OPEN Research Support
head

Consultant
Bahareh Bakhshaie Philipsen
Department of Otorhinology, Odense University Hospital


Projekt styring
Projekt status    Sampling ongoing
 
Data indsamlingsdatoer
Start 01.10.2016  
Slut 31.12.2020  
 



Evaluation of diagnostic procedures for vocal fold paresis. Need for a new revision?

Short summary

Vocal cord paralysis: how to recognize, how to diagnose, and what should be focused by imaging methods and how often. 


Rationale

Recurrent laryngeal nerve paralysis (RLNP) is frequently encountered by otolaryngologists. Many diseases in the head, neck, and thorax regions can cause RLNP, including inflammatory, neoplastic, cerebrovascular, and heart diseases, degenerative, and other diseases. Of these, malignant tumors and trauma including surgery are reported to be the most frequent causes of RLNP. 

Idiopathic RLNP also occurs at a significant frequency, ranging between 1.5 and 41.3%. 

The patients suffered from a variety of symptoms with voice difficulties being the dominating symptom.

Clinical Exam included a fiberoptic laryngoscopy to imaging the vocal cord immobility and glottal closing insufficiens.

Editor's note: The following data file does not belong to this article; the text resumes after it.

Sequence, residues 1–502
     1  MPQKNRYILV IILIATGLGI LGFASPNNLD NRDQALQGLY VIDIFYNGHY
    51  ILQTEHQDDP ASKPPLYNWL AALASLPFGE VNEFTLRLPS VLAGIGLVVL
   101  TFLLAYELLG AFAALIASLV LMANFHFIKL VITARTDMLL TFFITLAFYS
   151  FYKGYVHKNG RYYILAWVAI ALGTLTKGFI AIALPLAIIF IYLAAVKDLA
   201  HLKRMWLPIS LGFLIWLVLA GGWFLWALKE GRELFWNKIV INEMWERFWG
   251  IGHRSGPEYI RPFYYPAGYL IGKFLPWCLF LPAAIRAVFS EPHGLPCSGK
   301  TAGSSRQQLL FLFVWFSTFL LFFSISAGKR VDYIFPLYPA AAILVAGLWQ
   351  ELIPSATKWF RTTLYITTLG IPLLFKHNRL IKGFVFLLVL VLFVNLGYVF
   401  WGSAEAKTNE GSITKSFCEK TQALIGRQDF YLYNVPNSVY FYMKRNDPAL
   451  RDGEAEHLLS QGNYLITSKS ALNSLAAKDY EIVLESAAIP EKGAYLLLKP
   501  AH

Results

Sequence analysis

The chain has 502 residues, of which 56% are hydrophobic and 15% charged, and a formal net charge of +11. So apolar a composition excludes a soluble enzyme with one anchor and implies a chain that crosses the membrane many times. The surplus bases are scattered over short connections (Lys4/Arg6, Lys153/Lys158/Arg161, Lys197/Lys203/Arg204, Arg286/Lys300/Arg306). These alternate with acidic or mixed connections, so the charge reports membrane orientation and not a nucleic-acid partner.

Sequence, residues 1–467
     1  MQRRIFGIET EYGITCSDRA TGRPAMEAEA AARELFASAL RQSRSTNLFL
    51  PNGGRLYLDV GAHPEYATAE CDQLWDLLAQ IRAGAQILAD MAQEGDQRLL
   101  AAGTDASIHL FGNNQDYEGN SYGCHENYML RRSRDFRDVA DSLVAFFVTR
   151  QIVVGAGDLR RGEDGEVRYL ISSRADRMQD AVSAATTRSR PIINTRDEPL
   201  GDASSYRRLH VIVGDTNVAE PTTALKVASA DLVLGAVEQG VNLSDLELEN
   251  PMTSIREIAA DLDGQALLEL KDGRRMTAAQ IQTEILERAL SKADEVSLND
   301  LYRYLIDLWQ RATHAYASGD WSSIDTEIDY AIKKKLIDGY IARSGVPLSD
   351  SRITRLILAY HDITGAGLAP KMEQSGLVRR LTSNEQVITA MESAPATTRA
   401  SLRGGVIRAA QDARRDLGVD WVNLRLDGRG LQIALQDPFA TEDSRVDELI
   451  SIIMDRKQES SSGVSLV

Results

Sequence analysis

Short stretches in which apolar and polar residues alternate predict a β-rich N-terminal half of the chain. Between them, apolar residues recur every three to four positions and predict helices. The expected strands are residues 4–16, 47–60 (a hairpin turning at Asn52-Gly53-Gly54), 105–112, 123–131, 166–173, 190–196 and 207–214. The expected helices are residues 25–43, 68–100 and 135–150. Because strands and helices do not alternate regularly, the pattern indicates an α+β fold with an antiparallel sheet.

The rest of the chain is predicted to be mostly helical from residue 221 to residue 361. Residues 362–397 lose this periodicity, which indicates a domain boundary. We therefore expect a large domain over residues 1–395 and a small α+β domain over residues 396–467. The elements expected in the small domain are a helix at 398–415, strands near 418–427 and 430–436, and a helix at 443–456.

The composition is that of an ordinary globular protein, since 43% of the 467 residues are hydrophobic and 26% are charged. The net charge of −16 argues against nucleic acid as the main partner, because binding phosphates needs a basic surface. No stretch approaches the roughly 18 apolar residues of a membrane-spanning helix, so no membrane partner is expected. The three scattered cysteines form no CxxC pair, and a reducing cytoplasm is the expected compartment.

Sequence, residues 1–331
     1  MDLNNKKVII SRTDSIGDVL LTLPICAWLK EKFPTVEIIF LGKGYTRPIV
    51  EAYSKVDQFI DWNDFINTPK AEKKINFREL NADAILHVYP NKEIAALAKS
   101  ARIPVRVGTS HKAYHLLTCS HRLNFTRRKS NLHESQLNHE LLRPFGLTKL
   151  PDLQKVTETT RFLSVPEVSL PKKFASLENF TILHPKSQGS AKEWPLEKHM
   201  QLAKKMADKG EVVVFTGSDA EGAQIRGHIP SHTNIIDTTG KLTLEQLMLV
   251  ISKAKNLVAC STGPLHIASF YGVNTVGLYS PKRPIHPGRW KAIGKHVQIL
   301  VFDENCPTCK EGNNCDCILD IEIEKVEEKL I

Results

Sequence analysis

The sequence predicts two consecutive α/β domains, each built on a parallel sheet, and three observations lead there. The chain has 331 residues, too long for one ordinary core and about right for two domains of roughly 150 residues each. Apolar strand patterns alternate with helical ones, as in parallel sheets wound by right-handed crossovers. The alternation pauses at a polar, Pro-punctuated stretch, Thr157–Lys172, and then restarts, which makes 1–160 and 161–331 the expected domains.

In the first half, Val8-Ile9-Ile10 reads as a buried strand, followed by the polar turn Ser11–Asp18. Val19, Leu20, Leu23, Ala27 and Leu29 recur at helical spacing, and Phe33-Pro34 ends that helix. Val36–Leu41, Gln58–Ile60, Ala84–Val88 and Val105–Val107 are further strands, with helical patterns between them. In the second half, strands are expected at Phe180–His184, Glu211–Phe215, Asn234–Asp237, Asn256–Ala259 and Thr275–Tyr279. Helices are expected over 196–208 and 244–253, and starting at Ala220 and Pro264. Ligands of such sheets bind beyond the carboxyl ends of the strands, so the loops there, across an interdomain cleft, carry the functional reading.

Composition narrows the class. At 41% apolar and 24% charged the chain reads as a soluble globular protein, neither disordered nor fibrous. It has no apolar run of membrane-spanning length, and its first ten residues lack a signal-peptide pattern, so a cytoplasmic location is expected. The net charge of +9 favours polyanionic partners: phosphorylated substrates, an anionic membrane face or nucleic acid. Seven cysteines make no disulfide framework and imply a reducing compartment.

At the Department of Otolaryngology–Head and Neck Surgery at the Odense University, Denmark radiographic examination included PET-CT and MRI. In patients with unexplained paralysis new CT and MRI after 6 months and usually without any new results.

Spontaneous recovery and improvement of mobility took place in some patients. 


Description of the cohort

A retrospective review of all adults with vocal cord paralysis seen at the Department of Otolaryngology–Head and Neck Surgery at the Odense University, Denmark from January 1st, 2005– December 31st, 2016. All patients were identified using ICD 10 codes J38.0. 


Data and biological material

A retrospective review of the clinical records.


Collaborating researchers and departments

Department of Otorhinology Odense University Hospital 

  • Consultant Camilla Slot Mehlum, PhD
  • Doktor Jacob Mølstrøm

Department of Otorhinology, Køge University Hospital 

  • Doktor Gitte Hvilsom, PhD